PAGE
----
• Middle Tennessee FMLA Decision on recent Truck Driver's Case
  • July 23, 2014 | Authors: J. Gregory Grisham; Anthony M. Noel
  • Law Firm: Leitner, Williams, Dooley & Napolitan, PLLC - Nashville Office
  • Truck Driver's Family Medical and Leave Act Retaliation and Interference Claims Survive Summary Judgment, but state law retaliatory discharge claim is dismissed.

    A District Judge in the Middle District of Tennessee recently ruled that a terminated truck driver’s retaliation and interference claims under the Family Medical and Leave Act (“FMLA”) can proceed to trial finding the existence of a disputed issue of material fact on the issue of whether adequate notice was given. However, the district court granted the employer’s motion to dismiss the plaintiff’s retaliatory discharge claim under Tennessee law finding that it was preempted by the FMLA. Cantrell v. R.E. West, Inc., 2014 WL 3511046 (M.D. Tenn. July 14, 2014).

    Background Facts

    The plaintiff Douglas Cantrell (“Cantrell”) was employed as a truck driver and trainer by defendant R.E. West, Inc. Co-defendant Bob West is the President and CEO of the defendant company.  Cantrell on March 31, 2013, while on an assignment in Washington State, learned his mother had been hospitalized.  Two days later on Tuesday April 2, Cantrell learned his mother’s condition had worsened. As a result, Cantrell informed the company that day about his mother’s deteriorating health condition and requested to leave his truck in Washington to fly home to Tennessee.

    A conference call was set up on the afternoon of April 2 between Cantrell, Bob West and two other company officials.  According to Cantrell, West was unhappy with his request to leave the truck in Washington, but agreed to permit Cantrell to fly home.  After a company official checked flight schedules and found that a flight would not get him home until the next evening on April 3rd, it was decided that Cantrell would drive his truck home.  Later that day, Cantrell was able to find a flight that would get him home the morning of the 3rd.  Cantrell contacted the defendant’s human resources director, Donna Tomlinson, and advised her he would be flying back to Tennessee on the earlier flight.  Tomlinson allegedly told Cantrell she was disappointed in his decision.  At no point was Cantrell advised he would be terminated for leaving the truck.

    Cantrell was able to speak with his mother upon his return, but she then lapsed into a coma and died on April 7.  West directed that Cantrell’s employment be terminated on April 5. The reason for termination listed on the separation notice was abandoning his truck and trainee in Washington State. The employer took the position that a provision in its drivers’ manual prohibited drivers from abandoning a trip without notice of approval.

    The Court’s Decision

    The district court began its analysis by noting the two distinct legal theories advanced by Cantrell under the FMLA. In order to recover for interference (entitlement) with his rights under the FMLA, Cantrell had to show:

    • He was an eligible employee;
    • His employer was an employer within the meaning of the FMLA;
    • He was entitled to take FMLA leave;
    • He provided notice of his intent to take leave; and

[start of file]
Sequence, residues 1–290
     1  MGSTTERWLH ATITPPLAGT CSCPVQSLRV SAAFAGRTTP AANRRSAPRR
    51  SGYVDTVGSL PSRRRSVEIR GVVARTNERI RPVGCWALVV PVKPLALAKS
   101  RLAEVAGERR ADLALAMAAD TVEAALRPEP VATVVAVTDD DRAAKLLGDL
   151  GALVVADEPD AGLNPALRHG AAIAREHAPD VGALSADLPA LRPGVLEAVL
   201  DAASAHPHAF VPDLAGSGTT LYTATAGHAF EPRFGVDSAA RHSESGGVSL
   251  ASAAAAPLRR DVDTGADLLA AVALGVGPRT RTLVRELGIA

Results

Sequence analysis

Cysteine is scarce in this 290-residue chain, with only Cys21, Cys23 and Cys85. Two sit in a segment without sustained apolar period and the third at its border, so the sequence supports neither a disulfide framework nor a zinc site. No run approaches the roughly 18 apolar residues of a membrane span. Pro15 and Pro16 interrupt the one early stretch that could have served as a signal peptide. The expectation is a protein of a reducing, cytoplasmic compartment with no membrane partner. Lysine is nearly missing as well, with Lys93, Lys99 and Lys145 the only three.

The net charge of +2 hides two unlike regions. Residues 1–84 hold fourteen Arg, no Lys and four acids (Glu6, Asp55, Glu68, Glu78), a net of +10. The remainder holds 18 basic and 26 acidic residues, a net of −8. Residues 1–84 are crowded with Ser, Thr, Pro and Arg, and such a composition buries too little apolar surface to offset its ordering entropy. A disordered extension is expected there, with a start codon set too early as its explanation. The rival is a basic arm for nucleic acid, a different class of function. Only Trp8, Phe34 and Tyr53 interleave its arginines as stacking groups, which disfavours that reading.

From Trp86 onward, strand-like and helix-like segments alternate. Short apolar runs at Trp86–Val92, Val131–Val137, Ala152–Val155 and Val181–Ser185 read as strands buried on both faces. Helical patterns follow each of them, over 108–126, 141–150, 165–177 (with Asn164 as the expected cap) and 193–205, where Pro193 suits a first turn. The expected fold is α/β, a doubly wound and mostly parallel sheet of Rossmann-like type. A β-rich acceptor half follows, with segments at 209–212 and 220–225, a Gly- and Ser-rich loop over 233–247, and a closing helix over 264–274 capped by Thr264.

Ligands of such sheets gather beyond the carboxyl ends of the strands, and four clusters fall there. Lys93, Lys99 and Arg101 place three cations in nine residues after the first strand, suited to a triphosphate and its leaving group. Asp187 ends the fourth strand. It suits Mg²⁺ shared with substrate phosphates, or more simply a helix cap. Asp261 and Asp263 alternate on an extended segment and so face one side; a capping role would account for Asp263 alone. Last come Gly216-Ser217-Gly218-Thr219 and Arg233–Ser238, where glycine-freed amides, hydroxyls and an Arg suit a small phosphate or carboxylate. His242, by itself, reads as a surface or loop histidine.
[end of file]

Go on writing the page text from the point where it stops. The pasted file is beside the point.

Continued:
• The employer denied him FMLA benefits to which he was entitled.

    With respect to his claim for retaliation, Cantrell had to show:

    • He was engaged in an activity protected under the FMLA;
    • His employer knew that he was exercising FMLA rights;
    • His employer took an adverse employment action after learning of his exercise of FMLA rights; and
    • There was a causal connection between his exercise of FMLA rights and the adverse employment action.

    The district court noted that the key disputed issue was whether Cantrell had provided adequate notice under the FMLA which must be given as soon as practicable when the need for leave is not foreseeable. 29 C.F.R.§825.303(a). The court further noted that under established case law the “facts and circumstances of each individual case” must be considered to determine whether proper notice was given. Cavin v. Honda of America Mfg., Inc., 346 F. 3d 713, 724 (6th Cir. 2003).  After reviewing the parties’ contentions, the court concluded that summary judgment was not appropriate. The court found the existence of a disputed issue of fact as to whether proper notice was given and stated the notice requirement is an essential element of a claim for interference under the FMLA.  Moreover, since Cantrell’s retaliation claim requires that he prove he engaged in an activity protected under the FMLA and since there was a factual dispute over whether notice was proper and the cause of Cantrell’s termination, summary judgment was not appropriate. The court denied Cantrell’s motion for partial summary judgment on the issue of liquidated damages because of the disputes over notice and the cause of Cantrell’s discharge.

    Finally, the court addressed Cantrell’s Tennessee common law retaliatory discharge claim in light of the defendant’s motion to dismiss. The court found that the state law claim was preempted by the FMLA because of the statute’s “comprehensive remedial scheme to redress violations for statutory rights.” McAllister v. Qualify Mobile X-Ray Services, Inc., 2012 WL 3042972 (M.D. Tenn. 2012).

    The district court’s ruling in Cantrell illustrates the dangers associated with an adverse employment action close in time to an event that would appear to trigger FMLA leave as well as the fact specific nature of the FMLA notice requirement where the need for leave is unforeseeable.  Employers should always exercise caution before taking an adverse employment action against an FMLA eligible employee who has provided notice of the need for leave particularly in situations where the need for leave was not foreseeable.